LSE - Small Logo
LSE - Small Logo

Julia Ziemer

November 11th, 2015

Public Service Broadcasting in the Modern Age

0 comments

Estimated reading time: 5 minutes

Julia Ziemer

November 11th, 2015

Public Service Broadcasting in the Modern Age

0 comments

Estimated reading time: 5 minutes

Jae Aron picThis article is by LSE MSc student Jae Aron.  She previously worked as a political consultant for Democratic campaigns in Washington, DC. Follow her on Twitter @Jae_Aron

Public broadcasting is on red alert.

Since the 1920s, the BBC has been hailed as the cornerstone public broadcasting in the UK and around the world. But a controversial ‘Green Paper’ could fundamentally alter public broadcasting as we know it in the UK.

The 86-page document, examining the BBC’s size and scope, is a “savage attack on the BBC”, according to Toby Syfret, a media expert at Enders Analysis.

Toby Syfret – Public Service Broadcasting in the modern age from Polis Video on Vimeo.

Syfret’s talk began with an overview of the UK’s longstanding public broadcasting tradition (the BBC is publicly funded in the form of a license fee, which is set periodically by the Government and is up for review this year).

Of course, public broadcasting requires a significant financial investment – and has many critics asking questions about the BBC’s license-based business model. This comes on the heels of falling viewership, a trend that seems to be accelerating with the explosion of online media.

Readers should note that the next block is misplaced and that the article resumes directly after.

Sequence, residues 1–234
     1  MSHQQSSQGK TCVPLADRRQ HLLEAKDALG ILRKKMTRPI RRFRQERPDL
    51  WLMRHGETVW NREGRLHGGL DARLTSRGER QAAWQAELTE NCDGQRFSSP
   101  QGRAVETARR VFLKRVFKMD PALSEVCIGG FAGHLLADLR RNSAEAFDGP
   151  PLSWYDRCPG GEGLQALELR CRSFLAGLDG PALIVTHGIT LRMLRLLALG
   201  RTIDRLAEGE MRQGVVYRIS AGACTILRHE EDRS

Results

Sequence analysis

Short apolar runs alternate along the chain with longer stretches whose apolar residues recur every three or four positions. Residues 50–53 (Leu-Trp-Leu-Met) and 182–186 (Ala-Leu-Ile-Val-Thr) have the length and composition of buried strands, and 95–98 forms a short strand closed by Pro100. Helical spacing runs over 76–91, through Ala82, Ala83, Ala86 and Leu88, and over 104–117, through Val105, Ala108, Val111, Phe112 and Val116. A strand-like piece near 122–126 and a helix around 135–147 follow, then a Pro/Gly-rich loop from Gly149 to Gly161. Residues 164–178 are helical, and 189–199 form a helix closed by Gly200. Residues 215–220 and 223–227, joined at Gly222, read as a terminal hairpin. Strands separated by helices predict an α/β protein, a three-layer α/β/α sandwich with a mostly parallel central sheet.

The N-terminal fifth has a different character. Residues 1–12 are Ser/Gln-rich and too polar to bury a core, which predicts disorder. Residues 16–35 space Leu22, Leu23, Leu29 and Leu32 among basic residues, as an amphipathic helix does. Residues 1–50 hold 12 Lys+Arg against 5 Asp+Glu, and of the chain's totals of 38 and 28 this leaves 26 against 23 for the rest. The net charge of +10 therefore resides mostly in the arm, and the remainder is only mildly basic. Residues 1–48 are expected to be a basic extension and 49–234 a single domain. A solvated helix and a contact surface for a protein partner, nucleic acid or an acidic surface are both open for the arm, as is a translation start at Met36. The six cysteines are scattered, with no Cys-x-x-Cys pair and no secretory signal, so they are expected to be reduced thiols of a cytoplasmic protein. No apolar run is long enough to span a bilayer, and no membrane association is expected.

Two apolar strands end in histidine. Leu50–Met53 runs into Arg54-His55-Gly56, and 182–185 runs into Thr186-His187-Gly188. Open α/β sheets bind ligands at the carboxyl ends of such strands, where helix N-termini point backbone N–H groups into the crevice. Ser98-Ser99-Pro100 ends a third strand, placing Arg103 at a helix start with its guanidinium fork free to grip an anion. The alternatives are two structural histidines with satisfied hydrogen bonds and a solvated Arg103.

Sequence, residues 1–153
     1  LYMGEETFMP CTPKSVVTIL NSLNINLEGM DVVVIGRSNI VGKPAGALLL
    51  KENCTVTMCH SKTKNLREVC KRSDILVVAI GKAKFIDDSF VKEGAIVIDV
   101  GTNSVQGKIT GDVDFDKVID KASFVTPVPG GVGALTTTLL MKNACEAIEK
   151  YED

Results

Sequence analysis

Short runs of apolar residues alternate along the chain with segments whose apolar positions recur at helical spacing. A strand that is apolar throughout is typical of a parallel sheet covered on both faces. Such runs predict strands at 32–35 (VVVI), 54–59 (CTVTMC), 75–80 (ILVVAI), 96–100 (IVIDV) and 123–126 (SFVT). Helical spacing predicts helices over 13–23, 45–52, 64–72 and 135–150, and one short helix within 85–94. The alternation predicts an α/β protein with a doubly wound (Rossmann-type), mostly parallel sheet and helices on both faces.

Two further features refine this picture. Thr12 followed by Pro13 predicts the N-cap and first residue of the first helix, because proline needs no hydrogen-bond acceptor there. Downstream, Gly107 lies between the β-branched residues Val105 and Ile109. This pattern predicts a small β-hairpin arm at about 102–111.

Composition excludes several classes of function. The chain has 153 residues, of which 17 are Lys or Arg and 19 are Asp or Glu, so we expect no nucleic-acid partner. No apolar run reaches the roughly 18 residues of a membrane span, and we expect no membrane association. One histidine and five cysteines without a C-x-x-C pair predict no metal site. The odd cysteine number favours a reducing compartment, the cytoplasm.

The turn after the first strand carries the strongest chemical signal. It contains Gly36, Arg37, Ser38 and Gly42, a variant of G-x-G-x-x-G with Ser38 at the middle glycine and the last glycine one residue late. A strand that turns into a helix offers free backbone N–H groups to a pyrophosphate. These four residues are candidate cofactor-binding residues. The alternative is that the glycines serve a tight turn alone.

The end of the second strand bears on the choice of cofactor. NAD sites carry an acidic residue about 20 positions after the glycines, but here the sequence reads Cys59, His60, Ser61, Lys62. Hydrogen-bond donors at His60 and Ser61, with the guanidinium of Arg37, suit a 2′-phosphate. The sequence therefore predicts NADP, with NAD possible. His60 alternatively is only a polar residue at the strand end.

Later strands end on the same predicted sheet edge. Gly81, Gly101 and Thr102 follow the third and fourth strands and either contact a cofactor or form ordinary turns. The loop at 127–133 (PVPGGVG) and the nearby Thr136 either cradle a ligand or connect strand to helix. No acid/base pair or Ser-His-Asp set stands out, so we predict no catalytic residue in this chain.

pSB slide 1

In fact, the BBC forecasts a decline in funding by 10 per cent in real terms over the next five years. And projections by Enders Analysis show that its share of the British TV revenues will drop from 22 per cent in 2010 to 12 per cent by 2026.

The impact of online viewing is particularly conspicuous among younger demographics: thanks to the growing popularity of online streaming services, like Netflix, more and more people are watching content outside the “linear schedule” – or what Syfret calls “Flex-linear viewing.”

This online migration away from broadcast television sparked a lively exchange between audience members and Syfret. The debate revealed a generational split, with Syfret betting on the continued dominance of live TV for the next 20 years, and students countering that “no one watches TV anymore.”

Who got it right? No public talk or economic model can say for sure. But one thing’s for sure: the future of public broadcasting in the modern age is more tenuous than ever.

@Jae_Aron

Further reading:

Highlights from BBC Trust event at LSE
The Future of the BBC- Polis Blog

 

 

 

 

 

 

 

About the author

Julia Ziemer

Julia Ziemer is Polis Manager in the Department of Media and Communications at LSE. Before joining the LSE in 2014, Julia was Events and Development manager at English PEN and she previously worked at the Charles Dickens Museum and the Literature Department of the British Council.

Posted In: Featured | Media Agenda Talks | Student blogs | Uncategorized